Mumbai sees the return of Victorian carriages, but with a difference!

Mumbai sees the return of Victorian carriages, but with a difference!
Booking.com

There was a time when South Mumbai and specifically areas around the beach, was resplendent with horse drawn carriages that were a common sight. Families would embark on short journeys in the cool breeze. This, by far, defined the soul of Mumbai.
Today, it’s nearly been three years since this sight vanished from Mumbai. Three years since the horse drawn carriages went off the streets of Mumbai.
These buggies were banned in 2016 on grounds of animal cruelty.

But, now, there is a ray of hope and the silvery carriages are making their way back to the streets of Mumbai albeit, with a clause that no horses will draw the carriages.

Ubo Ridez, a transportation company, is planning to roll out nearly 40 electronic, battery-driven carriages that will take tourists around heritage spots in Colaba, Nariman Point, Marine Drive, Chhatrapati Shivaji Terminus and Chowpatty.

The Victorian styled carriages will remain just like the former ones except that instead of horses drawing the buggies, they are now going to be automated. This was confirmed by Ketan Kadam, founder and CEO of Ubo Ridez. They run at the speed of 20km an hour and will be equipped with GPS-driven audio tours. This will bring with it the additional feature that people can hear the story of the monument that they pass by. Tourists can also choose the language for the audio tour.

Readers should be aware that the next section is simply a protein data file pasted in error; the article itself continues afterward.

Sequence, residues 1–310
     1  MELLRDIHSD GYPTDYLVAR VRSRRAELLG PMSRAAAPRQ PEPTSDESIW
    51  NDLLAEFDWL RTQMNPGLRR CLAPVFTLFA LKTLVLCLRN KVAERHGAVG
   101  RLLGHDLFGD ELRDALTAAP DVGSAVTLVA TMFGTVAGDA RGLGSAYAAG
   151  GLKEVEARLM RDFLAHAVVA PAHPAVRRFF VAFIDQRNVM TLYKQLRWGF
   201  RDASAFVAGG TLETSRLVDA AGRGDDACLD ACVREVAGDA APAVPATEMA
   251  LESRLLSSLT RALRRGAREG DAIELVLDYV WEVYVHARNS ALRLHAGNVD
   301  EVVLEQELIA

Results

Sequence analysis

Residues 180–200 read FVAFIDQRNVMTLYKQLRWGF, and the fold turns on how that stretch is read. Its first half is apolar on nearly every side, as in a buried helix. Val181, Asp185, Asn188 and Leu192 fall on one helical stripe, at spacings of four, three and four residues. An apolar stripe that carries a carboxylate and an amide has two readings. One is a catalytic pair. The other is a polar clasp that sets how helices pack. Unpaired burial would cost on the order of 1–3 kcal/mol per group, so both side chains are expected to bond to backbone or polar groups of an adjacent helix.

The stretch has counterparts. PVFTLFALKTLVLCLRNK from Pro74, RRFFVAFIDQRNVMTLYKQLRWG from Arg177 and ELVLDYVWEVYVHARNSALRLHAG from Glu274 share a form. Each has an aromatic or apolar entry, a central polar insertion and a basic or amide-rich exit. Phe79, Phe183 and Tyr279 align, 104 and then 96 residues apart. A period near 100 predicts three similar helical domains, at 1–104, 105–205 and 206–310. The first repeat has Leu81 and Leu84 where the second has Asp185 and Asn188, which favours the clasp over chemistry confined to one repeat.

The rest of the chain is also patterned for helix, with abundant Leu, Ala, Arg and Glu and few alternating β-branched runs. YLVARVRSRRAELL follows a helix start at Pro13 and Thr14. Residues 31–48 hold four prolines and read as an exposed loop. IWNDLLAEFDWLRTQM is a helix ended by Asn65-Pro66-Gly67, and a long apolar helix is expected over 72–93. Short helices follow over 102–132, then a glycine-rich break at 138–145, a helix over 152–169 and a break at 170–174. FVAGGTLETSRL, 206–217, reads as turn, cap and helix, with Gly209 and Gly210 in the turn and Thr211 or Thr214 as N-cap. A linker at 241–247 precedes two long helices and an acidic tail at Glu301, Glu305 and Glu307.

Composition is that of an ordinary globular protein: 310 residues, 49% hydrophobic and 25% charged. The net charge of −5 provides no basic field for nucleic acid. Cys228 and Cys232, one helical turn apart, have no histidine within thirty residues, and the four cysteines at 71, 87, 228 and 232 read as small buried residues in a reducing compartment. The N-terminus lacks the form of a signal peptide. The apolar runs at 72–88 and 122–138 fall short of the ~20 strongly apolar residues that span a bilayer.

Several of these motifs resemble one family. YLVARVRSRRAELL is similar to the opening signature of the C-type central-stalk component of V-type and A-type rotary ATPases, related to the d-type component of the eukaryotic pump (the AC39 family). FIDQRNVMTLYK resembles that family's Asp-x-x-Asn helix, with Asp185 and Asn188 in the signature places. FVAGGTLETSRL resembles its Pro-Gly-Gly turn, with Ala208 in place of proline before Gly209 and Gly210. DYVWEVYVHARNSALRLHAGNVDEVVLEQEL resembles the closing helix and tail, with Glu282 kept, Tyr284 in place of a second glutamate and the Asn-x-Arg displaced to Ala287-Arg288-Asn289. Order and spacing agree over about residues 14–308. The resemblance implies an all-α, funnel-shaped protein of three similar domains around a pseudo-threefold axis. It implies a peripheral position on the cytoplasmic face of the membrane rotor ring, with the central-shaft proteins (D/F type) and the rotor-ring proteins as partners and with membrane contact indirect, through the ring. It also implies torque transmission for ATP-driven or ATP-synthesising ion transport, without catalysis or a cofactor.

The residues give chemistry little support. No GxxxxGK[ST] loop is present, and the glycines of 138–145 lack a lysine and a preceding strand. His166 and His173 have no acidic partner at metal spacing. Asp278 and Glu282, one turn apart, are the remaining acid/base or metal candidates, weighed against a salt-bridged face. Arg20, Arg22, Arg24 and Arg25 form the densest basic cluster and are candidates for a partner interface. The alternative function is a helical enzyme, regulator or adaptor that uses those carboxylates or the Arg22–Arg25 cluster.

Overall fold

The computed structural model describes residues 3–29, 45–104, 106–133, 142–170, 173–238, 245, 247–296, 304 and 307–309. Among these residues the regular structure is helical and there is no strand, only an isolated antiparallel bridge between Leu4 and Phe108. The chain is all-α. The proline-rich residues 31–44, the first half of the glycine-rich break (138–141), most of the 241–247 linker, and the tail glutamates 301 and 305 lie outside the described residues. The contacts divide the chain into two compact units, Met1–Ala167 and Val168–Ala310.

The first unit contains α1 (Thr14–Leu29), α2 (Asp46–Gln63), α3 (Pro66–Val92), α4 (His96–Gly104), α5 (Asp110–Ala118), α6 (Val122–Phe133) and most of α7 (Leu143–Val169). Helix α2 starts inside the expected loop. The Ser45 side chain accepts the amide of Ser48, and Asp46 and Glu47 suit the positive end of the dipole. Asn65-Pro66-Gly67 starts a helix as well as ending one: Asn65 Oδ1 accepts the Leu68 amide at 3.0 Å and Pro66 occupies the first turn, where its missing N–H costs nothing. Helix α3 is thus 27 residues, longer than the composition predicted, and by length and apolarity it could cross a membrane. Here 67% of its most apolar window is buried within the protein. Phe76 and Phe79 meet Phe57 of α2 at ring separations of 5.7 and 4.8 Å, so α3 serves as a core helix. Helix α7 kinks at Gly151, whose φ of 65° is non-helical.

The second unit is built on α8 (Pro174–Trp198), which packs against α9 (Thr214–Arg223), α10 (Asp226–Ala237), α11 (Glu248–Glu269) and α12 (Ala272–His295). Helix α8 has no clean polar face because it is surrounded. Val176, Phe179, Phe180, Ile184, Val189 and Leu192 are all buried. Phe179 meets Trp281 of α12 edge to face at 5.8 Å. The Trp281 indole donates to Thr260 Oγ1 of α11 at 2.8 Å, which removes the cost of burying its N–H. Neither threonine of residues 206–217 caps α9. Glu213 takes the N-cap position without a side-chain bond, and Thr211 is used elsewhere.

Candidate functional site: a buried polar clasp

And if hearing history is not your cup of tea, just connect to Bluetooth and enjoy music of your choice. The carriage is also environment-friendly. Lead-acid batteries that are usually used in cars will be substituted with lithium-ion batteries.

Aaditya Thackeray, president of Yuva Sena, the youth wing of Shiv Sena, also tweeted about this.

One of the prime reasons for the discontinuation of these carriages was the ill treatment meted out to the horses. The horses were often poorly kept: in bad health, scarred and starved of rest. Animal rights groups said they were usually malnourished and suffered from anaemia, with protruding rib cages and pelvic bones, and swollen joints. Some of them even met with accidents and were often left to die.

In 2015, the government put an end to this cruelty by banning these carriages. Mumbai saw the last of these carriages in 2016, leaving scores of people jobless. UBO Ridez will hire the same people who lost their jobs.

So, get set go and enjoy Mumbai in a new light now.

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